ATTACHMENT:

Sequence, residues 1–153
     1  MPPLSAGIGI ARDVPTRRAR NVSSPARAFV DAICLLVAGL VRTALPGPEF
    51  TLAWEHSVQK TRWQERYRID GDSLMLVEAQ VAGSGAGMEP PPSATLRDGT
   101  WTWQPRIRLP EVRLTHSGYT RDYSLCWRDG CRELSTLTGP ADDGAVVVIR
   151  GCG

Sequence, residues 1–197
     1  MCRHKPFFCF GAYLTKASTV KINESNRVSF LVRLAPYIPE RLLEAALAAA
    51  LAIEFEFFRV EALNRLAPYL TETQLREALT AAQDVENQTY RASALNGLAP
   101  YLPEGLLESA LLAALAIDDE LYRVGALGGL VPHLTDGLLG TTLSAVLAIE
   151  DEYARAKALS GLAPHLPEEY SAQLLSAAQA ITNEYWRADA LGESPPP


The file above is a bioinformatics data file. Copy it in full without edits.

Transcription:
Sequence, residues 1–153
     1  MPPLSAGIGI ARDVPTRRAR NVSSPARAFV DAICLLVAGL VRTALPGPEF
    51  TLAWEHSVQK TRWQERYRID GDSLMLVEAQ VAGSGAGMEP PPSATLRDGT
   101  WTWQPRIRLP EVRLTHSGYT RDYSLCWRDG CRELSTLTGP ADDGAVVVIR
   151  GCG

Sequence, residues 1–197
     1  MCRHKPFFCF GAYLTKASTV KINESNRVSF LVRLAPYIPE RLLEAALAAA
    51  LAIEFEFFRV EALNRLAPYL TETQLREALT AAQDVENQTY RASALNGLAP
   101  YLPEGLLESA LLAALAIDDE LYRVGALGGL VPHLTDGLLG TTLSAVLAIE
   151  DEYARAKALS GLAPHLPEEY SAQLLSAAQA ITNEYWRADA LGESPPP